Philly isn’t quite buried yet. After beating the Giants last week, the Eagles are 4-6 but are 3-1 in the NFC East. Getting to five wins in the division would be huge but first and foremost, they have to win every week to keep pace with the Cowboys, now atop the standings and who they will play in Dallas on Christmas Eve. To put it bluntly, they are desperate and already in playoff mode. Add that to the fact that they are oozing with talent on offense, with the league’s No. 1 rusher LeSean McCoy leading the way, and they are also dangerous. If they beat the Pats, the Eagles have a couple of winnable games (Seattle, Miami) on tap and could be back over .500 just like that. And given both the Cowboys and Giants propensity to puke on their shoes when it matters most, they could sneak into a wild card spot with a few breaks.

Or they may lose again on Sunday, finish 6-10 and finally, finally make a coaching change. That’s the more likely scenario.

This Week’s Five Best Teams
1. Green Bay: Surprise! The Packers blew out the Lions on Turkey Day, are now 11-0 for the first time in franchise history and have won 17 straight games going back to last season. Also, just read that through 11 games, Aaron Rodgers passer rating is 128.0. In 2007, when the Patriots were 11-0, Tom Brady’s passer rating was 127.9. Unreal stuff.
2. New Orleans: This is almost a default pick, as the Saints were on a bye last week. But their experience, super powers on offense and fantastic QB/coach combo give them the edge over a host of excellent, just not Green Bay, NFC contenders.
3. (tie) Baltimore/Pittsburgh: Fitting that these two teams are so so close together this year. What separates them are the Ravens two head-to-head wins but it’s hard to think of two rivals who are as similar in so many ways as these AFC North foes. Baltimore took on the super tough, physical 49ers last night and beat the snot out of them in winning a game that felt a lot like most of their games against the Steelers. Some day, the Ravens will figure out how to avoid playing down to lousy competition. But as constituted, they are a tough, tough team and their defense looks like it’s rounding into form. Oh and by the way, Pittsburgh fans: After the win over San Francisco, Ray Rice called the Niners, “the best team we’ve played all year.” Just so you know.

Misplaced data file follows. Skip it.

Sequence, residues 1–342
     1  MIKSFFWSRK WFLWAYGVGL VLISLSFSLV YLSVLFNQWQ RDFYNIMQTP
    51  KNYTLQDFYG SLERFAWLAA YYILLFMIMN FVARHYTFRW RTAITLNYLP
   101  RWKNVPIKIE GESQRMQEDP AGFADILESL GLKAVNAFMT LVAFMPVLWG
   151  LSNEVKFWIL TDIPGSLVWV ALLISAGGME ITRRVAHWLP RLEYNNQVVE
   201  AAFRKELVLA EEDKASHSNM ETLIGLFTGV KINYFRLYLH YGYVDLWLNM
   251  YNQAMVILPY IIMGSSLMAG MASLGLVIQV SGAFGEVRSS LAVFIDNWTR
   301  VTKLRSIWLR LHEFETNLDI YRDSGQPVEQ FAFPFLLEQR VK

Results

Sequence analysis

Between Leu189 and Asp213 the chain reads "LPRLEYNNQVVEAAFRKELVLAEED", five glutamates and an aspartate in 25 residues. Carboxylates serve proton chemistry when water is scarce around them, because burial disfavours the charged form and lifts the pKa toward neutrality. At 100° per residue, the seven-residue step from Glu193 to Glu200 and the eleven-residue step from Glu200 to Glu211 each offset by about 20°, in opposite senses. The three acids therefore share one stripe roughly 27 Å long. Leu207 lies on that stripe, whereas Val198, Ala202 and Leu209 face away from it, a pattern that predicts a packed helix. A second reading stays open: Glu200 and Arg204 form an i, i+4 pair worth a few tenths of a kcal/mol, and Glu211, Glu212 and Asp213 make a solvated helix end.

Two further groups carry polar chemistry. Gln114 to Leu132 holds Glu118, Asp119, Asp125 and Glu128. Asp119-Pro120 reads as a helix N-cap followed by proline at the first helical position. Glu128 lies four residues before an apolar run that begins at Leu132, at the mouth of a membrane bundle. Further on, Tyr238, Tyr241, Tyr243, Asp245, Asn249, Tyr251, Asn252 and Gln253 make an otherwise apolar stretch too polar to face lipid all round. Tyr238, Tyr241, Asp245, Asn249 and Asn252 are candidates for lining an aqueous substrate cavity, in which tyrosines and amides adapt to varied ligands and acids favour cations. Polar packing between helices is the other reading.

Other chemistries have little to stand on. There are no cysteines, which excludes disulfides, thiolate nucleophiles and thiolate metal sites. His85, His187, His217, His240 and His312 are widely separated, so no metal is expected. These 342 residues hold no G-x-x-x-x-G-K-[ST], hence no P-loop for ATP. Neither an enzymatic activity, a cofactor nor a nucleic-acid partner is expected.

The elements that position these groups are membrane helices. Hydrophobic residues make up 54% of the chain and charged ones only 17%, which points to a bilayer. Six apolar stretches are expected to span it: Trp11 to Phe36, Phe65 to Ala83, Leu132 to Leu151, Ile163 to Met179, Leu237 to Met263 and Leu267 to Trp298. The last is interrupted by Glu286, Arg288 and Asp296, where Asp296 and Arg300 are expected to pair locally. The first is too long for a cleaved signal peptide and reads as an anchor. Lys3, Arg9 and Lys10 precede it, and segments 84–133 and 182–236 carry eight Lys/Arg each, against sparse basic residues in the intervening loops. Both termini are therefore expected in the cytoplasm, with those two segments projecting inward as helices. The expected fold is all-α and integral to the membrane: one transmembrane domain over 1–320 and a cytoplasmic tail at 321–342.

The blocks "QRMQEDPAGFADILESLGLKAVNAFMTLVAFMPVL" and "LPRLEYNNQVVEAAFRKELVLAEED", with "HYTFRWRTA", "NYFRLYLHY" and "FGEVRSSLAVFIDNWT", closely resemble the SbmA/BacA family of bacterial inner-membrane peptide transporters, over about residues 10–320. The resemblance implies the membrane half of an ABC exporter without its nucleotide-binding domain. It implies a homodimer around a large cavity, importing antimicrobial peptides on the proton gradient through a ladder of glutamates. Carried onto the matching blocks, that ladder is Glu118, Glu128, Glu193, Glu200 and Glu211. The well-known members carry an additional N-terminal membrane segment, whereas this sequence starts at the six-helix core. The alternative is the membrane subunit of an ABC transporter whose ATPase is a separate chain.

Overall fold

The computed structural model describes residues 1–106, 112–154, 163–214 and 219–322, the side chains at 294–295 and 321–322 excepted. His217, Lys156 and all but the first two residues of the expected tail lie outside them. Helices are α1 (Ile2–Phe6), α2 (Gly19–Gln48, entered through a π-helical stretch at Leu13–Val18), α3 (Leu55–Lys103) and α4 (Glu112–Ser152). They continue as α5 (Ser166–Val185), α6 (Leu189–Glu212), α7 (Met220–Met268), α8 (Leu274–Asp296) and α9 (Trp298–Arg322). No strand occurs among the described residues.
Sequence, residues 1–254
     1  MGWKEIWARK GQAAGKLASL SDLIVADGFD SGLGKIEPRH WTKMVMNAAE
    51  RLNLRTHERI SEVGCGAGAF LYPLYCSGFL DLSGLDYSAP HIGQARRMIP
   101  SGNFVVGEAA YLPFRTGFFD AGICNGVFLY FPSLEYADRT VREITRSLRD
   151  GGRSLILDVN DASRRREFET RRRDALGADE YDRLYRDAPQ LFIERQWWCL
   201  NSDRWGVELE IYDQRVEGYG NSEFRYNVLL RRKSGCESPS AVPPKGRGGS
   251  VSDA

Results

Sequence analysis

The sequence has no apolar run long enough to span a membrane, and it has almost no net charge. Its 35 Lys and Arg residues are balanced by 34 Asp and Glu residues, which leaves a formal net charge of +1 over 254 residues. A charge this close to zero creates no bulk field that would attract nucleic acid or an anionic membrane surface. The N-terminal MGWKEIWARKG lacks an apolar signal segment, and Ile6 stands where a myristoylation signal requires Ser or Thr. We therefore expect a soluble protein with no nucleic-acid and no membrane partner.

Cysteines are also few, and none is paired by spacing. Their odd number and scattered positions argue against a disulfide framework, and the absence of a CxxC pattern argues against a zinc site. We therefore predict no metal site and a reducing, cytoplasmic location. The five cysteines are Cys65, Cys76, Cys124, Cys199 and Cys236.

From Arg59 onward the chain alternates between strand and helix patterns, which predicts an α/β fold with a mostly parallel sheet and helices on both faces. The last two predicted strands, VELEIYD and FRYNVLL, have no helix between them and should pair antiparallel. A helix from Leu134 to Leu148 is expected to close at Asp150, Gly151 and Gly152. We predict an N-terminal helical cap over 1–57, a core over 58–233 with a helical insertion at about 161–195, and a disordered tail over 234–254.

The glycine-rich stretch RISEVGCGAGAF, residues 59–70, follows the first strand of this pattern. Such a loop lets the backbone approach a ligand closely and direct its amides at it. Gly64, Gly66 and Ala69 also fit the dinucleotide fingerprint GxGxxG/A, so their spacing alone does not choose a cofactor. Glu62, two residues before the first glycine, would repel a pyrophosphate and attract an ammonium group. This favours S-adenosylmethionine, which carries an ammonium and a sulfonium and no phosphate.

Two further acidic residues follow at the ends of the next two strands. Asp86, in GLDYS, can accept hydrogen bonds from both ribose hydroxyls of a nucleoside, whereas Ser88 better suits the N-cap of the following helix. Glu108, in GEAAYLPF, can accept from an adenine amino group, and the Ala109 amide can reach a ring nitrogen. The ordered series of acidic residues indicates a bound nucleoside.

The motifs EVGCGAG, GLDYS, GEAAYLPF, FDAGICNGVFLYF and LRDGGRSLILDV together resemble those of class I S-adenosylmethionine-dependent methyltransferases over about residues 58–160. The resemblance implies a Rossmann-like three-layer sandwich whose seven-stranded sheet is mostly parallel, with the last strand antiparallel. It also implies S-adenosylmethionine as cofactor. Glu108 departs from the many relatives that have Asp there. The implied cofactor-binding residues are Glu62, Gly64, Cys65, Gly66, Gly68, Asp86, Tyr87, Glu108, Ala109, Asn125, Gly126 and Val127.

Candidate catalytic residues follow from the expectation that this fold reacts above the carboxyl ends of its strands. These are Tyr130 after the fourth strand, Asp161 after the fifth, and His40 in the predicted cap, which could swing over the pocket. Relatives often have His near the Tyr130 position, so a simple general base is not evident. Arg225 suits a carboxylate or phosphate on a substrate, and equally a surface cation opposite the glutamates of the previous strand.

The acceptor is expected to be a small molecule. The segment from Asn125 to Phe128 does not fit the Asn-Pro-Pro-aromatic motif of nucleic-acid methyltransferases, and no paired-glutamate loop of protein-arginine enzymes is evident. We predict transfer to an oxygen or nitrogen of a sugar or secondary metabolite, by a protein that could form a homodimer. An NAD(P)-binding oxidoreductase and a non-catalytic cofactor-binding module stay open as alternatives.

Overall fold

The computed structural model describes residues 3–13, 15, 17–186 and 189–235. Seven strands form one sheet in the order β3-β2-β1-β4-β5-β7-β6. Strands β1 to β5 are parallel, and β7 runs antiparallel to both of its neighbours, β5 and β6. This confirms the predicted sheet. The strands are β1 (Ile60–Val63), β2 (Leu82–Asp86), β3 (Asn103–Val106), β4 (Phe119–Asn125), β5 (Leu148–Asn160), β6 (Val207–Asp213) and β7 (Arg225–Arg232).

4. San Francisco: Give the Niners a lot of credit for hanging in with the Ravens as long as they did. Their limited offense was exposed somewhat in the 16-6 loss, which snapped an 8-game winning streak; their line couldn’t protect QB Alex Smith to the tune of nine sacks and they gained just 170 total yards (only 96 passing, an astonishing stat). The circumstances of the game did them no favors either (see below). But this is a powerful team. The Niners defense is awesome; anyone who goes toe-to-toe with their front seven is in deep shit. But if they meet a defense playing anywhere near the caliber of Baltimore’s in the playoffs, it may be a quick exit.
5. Dallas: Can you believe it? The Cowboys have won three in a row and the last two were of the close, late-game drive variety, situations in which they usually fail miserably. At 7-4 following their Thanksgiving win over Miami, the ‘Boys lead the NFC East outright but have another game against the Eagles and two against the Giants in their last five. Let’s see how Tony Romo and Jason Garrett do in December in all those division games when the lights are really bright. And then, let’s see what Coach Jones says.

This Week’s Five Worst Teams